Family seeking diabetic alert dog to combat Type 1 dangers
At the age of 6, Luke Giammolva’s life changed unexpectedly, and permanently at that.
The Destrehan boy was diagnosed with Type 1 diabetes in July of 2018. His type is the much rarer and usually more serious form of the illness, which causes the body to create little or no insulin. Learning to manage the illness has been an often trying experience for Luke and his parents over the past year.
It also, at times, can be a frightening one.
“To just look at Luke, people think he’s healthy,” said his mother, Rachel Giammolva.
“But,” she continued, “we keep him alive every day.”
The Giammolvas have no family history of diabetes, making his diagnosis a shock, and the ensuing management that comes with it a new adventure.
That’s so even for Rachel, who is a nurse.
“I don’t think many people are fully aware of how bad (Type 1 diabetes) is,” Rachel said. “Even as a nurse, I didn’t realize how bad it was until experiencing it with my son. It’s been life-changing for us.”
Luke receives up to five shots a day of insulin and has a continuous monitor for his blood sugar. There is no cure for the illness, meaning he’ll continue to have to deal with these things in some form going forward.
“I was devastated,” Rachel said of his diagnosis. “I knew it meant a stark change for us … everything is just different. We’ve had to adapt to a new plan. We just keep doing what we have to do. But we’ve said numerous times to one another, ‘why couldn’t it have been one of us and not him?’”
The most difficult aspect of it is Luke lacks symptoms when certain things are wrong – with Type 1 diabetes, high and low blood sugar levels are dangerous, the low side moreso. But without an alert from his monitor, he may never know, much less his parents, that he’s in any danger. Rachel said the monitor is a necessity and very helpful, but not infallible.
“It’s not 100 percent,” she said. “It’s a great tool, but it can be off sometimes by up to 100 points.”
There was indeed a point where his levels fell in the middle of the night—the monitor, in this case, sounded the alarm, alerted his mother and father and they were able to treat him.
Were the monitor to fail, however, a worst case scenario could prove fatal. If Luke’s blood sugar is low he requires fast acting carbohydrates to bring his sugar up quickly, if he is high, he needs insulin along with water to flush ketones out of his blood to prevent his blood from becoming acidotic and possibly moving towards Diabetic Ketoacidosis.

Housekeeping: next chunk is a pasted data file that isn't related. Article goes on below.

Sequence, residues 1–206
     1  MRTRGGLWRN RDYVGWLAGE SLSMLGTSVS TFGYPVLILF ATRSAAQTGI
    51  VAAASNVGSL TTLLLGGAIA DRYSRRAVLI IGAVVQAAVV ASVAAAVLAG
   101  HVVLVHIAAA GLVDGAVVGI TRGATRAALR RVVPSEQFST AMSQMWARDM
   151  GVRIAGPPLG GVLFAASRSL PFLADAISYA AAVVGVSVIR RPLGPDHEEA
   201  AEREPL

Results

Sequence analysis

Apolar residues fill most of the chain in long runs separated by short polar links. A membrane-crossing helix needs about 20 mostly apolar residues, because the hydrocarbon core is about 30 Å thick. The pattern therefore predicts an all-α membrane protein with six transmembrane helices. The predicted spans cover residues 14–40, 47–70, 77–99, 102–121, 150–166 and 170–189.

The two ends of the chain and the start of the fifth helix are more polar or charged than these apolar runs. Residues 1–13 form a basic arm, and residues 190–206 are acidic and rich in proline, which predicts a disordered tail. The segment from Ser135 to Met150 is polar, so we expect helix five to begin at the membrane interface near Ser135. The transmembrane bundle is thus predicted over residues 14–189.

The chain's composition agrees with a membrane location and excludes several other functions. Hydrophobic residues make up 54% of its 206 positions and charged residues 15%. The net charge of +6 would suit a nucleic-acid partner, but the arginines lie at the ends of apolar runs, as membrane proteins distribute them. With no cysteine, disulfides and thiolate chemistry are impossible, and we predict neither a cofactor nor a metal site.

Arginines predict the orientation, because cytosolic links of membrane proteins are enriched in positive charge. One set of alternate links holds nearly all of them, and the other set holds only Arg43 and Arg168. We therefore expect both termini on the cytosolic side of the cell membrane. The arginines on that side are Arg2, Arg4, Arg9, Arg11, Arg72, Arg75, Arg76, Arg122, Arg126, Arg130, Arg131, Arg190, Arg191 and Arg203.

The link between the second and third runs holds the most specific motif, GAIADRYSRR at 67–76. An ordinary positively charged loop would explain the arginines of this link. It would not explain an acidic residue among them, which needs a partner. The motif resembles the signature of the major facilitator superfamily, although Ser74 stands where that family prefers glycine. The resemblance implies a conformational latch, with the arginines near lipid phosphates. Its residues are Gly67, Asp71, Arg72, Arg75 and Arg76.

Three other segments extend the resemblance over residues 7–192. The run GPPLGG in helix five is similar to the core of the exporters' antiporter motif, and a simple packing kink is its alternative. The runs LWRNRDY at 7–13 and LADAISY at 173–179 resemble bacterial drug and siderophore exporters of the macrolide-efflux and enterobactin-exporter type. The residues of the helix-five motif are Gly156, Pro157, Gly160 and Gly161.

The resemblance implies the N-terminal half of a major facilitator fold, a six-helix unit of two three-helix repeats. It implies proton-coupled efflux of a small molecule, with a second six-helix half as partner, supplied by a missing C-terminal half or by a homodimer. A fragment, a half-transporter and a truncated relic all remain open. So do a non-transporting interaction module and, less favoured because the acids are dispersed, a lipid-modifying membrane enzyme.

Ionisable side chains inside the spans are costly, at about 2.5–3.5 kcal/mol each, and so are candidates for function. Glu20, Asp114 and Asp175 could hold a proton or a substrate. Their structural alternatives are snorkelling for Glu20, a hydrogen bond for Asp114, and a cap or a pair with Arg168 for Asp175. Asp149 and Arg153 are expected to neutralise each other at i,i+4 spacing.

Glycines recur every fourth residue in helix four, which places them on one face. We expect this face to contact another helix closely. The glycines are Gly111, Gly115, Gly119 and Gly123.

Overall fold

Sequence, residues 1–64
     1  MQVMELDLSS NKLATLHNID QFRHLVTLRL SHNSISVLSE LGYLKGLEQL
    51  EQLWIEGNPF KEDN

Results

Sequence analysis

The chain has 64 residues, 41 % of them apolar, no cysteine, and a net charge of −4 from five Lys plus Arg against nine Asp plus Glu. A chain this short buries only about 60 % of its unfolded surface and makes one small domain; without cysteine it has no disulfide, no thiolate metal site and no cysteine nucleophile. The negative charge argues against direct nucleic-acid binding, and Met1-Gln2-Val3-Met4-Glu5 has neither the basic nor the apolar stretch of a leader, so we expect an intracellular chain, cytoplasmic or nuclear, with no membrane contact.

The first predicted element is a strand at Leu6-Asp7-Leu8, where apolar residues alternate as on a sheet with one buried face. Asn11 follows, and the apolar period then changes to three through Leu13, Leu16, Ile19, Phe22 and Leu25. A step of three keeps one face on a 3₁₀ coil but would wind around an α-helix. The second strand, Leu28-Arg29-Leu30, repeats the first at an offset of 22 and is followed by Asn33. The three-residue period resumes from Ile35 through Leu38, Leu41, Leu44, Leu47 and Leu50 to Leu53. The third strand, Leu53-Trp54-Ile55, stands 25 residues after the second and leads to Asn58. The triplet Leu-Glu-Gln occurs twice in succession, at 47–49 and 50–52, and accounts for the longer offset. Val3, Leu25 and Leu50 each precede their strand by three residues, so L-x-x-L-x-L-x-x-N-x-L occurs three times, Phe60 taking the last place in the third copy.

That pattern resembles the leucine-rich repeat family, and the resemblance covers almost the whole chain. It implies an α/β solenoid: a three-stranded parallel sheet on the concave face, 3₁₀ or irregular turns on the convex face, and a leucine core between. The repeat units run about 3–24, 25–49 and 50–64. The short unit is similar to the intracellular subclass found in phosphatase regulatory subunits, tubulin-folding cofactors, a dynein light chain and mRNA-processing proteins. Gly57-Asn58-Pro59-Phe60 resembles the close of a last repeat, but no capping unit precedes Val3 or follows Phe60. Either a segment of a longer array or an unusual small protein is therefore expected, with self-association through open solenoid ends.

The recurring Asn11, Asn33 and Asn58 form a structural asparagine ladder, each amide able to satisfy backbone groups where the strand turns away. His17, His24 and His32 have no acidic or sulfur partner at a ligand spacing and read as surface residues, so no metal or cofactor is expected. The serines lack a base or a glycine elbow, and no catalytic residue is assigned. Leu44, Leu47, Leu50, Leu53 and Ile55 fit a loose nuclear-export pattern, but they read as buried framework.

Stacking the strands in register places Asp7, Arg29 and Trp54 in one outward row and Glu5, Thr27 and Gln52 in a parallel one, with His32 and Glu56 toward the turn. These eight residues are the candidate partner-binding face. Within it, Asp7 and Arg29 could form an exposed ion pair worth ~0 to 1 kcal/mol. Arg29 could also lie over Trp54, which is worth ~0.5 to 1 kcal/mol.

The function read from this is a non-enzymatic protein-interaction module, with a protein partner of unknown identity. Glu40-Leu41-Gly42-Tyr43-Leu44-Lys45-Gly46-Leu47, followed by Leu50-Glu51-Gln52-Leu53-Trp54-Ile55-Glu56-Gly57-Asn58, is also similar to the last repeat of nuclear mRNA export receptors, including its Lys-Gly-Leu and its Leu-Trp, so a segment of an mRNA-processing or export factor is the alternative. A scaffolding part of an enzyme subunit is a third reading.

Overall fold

It’s led the family to explore additional methods of caring for Luke that can bridge the gap as close to that 100 percent mark as possible. One unique, but potentially very effective means of doing so, would be by securing a specialized service dog for Luke, something the Giammolvas have been working toward.
Specifically, they’d like to bring a diabetic alert dog into their home. Through saliva, the trained canines can sense a drop or rise in their owner’s blood sugar levels long before a continuous glucose monitor (CGM) does.
“They can know to go get his insulin if he’s high or good if he’s low. It’s amazing what they can do,” Rachel said.
Especially for the late night, early morning hours, that could buy his parents the kind of peace of mind that’s been rare over the past year.
“The CGM is a life-saving tool, but an inaccurate reading at the wrong time … it would give a lot of comfort to know he has a second nurse, so to speak, who’s always with him,” Rachel said.
Additionally, she thinks it would be an emotional lift for her son, who’s endured a difficult year since his diagnosis. Luke has had to switch schools and has had to abandon certain activities – a plan to begin playing soccer recreationally had to be put aside because it was causing him complications.
Bringing the dog in won’t be immediate. Training a puppy to be a diabetic alert dog can cost over $10,000, while the family also has to factor in the cost of the puppy himself.
Some have offered assistance to that end, with $1,300 in donations, including a large portion via a GoFundMe page for the cause (titled “Luke wants a puppy, not just any puppy”), set up by the family.
Rachel said she knows it won’t happen overnight, but that she’ll work toward the goal as long as it takes.
“I just want him to have every available resource and do what’s best for my son,” she said.